There’s a well-worn path on my face.
There are many. They remind me of the course my grandma’s black Labrador retriever wore down in the grass after dozens of high-speed chases along the fence, barking his ferocious warning to cars as they whizzed past on a lazy rural Colorado highway.
Continual repetitions grooved mi abuela’s yard. That’s happened on my face, too.
They’re set where there’s heaviest traffic – on my forehead, beside my eyes, bracketing my mouth. In 44 years, a baby face becomes an elementary school face. Chubby cheeks give way, and a traffic jam of baby and permanent teeth stack up, awaiting braces.
That kid face gives over to teen face, with an entirely fresh set of issues.
I watch fathers at baseball games tote kids no bigger than a sack of fertilizer. A cacophony of kid noises cascades from baby faces, their parents themselves babyish by comparison to me. I see moms walking children to kindergarten, laugh lines still far off in their future.
Smile lines (or frown lines) say a lot about us, says Kim of Protean Mom. As she often does, Kim got me thinking.
So, my face.
As a kid, I heard an interview with actor Burt Reynolds. He attacked his own forehead lines. “You could plant rows of corn in mine!” he said, and even at that young age, I figured his face to be one lots of guys wouldn’t mind the problem of having. I have those horizontal lines, but faded.
I trace my fingers up and down the vertical lines, which begin just between my eyebrows, on my face.
They run parallel, forged first no doubt from concentration during math classes that devoured me. They became deeper as deadlines approached, as thoughts percolated, as theories took shape.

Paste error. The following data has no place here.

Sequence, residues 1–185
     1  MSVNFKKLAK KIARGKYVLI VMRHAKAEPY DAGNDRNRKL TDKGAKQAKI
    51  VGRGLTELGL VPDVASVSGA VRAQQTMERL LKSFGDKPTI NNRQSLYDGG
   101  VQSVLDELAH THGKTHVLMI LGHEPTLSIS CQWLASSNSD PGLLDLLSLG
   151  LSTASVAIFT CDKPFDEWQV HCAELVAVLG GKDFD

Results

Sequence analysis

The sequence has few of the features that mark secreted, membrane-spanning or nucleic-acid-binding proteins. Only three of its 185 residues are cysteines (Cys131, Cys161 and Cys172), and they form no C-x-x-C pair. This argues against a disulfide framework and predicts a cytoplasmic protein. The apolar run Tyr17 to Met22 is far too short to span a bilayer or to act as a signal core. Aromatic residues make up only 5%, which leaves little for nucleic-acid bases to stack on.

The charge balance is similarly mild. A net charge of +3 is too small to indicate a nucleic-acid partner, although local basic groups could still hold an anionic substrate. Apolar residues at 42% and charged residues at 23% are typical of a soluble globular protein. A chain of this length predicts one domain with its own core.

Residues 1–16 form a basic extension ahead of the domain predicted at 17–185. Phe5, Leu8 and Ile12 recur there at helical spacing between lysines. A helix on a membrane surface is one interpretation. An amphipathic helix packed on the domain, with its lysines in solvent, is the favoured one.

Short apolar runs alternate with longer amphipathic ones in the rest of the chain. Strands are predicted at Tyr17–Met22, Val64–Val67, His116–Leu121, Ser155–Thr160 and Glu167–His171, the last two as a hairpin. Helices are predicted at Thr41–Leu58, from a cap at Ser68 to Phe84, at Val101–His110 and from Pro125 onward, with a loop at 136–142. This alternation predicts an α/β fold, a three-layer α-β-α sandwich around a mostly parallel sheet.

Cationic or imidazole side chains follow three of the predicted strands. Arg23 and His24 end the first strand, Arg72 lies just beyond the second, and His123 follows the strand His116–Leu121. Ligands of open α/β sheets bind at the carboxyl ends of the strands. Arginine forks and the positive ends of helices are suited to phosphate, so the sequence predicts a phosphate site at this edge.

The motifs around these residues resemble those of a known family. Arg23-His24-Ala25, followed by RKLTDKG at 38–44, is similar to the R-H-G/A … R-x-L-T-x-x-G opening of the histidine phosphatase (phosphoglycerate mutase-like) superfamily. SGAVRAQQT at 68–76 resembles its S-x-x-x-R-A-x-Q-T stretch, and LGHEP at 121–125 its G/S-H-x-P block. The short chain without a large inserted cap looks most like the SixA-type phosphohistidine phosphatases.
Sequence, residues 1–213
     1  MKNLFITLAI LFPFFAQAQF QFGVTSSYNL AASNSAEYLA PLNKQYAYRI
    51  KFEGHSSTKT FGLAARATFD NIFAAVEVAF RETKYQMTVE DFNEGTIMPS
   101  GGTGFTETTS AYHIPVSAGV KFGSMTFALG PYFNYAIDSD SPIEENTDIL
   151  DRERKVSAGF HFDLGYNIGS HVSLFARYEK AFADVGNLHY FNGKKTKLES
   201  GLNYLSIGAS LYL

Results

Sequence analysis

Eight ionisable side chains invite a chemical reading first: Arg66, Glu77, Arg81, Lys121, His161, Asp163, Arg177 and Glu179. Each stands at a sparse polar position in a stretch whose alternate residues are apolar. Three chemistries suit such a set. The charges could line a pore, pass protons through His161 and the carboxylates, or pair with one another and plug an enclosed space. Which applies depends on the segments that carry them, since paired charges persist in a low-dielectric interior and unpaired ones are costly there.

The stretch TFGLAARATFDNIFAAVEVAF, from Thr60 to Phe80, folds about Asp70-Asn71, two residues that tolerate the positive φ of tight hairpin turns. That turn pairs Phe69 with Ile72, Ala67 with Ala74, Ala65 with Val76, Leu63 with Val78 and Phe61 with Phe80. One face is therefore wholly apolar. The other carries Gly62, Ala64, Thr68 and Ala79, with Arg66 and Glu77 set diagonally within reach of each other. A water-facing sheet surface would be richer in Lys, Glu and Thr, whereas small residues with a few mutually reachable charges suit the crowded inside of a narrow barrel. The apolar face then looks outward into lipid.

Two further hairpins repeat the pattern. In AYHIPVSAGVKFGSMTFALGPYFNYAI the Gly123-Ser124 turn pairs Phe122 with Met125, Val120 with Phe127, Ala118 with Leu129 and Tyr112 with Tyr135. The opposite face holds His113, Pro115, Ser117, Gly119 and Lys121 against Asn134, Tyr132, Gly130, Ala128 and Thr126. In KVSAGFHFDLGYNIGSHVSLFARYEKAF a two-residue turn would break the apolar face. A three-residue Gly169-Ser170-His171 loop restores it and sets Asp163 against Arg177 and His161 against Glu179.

They appear when pain teeters on unbearable, when fleeting peace escapes once again.
They also appear as I contemplate the words and responses and thoughts that become the words and responses tomorrow. There’s joy in that. The lines run deep, unfixable. They remind me of pain and thought and the necessity of each in life.
Crow’s feet, they call them.
They sneak up on you. Years without sunglasses from anywhere but Dollar Tree takes a toll. I saw my crow’s feet starkly in a photo I wonder might have long been deleted. The eye wrinkles leaped off the screen when I saw it, eliciting a thought that I look more like my father than I imagined.
Snapped in a moment of bliss as we fed ducks, the joy was instant, I remember.
They’re signs of a life, though rocky and lost at times, lived in joy. That despite periods of sorrow and days of loss, each day can deliver a chance to find a breath of joy, an impulsive smile that doesn’t give a damn about wrinkles.
They’re not obvious. Not just because I sport tonight a four-day stubble. They emerge sheepishly, butting against a dimple on one side, adrift on flesh that I hope stands resilient to the markers elsewhere on my face, not from lack of reasons to laugh or smile.
Just the slightest of things, that *one* thing I ask The Maker for when the road turns treacherous.
Just give me one thing. Just one. I’ll turn it into a revolution.
I rub the forlorn face I photographed for this blog. Today it saw a crystal-clear blue Carolina sky, exceptional company at breakfast, and a whim drive from Greensboro, N.C., to Myrtle Beach, S.C., to see Grace win her first club championship.
Against the grain of stubble, I silently vow to unearth those spots in the day that challenge the very resilience of my face. I promise to immerse myself in those moments that bunch my eyes and relax my brow and incite smiles to widen and foster healing from inside.
Really. It’s not just a line.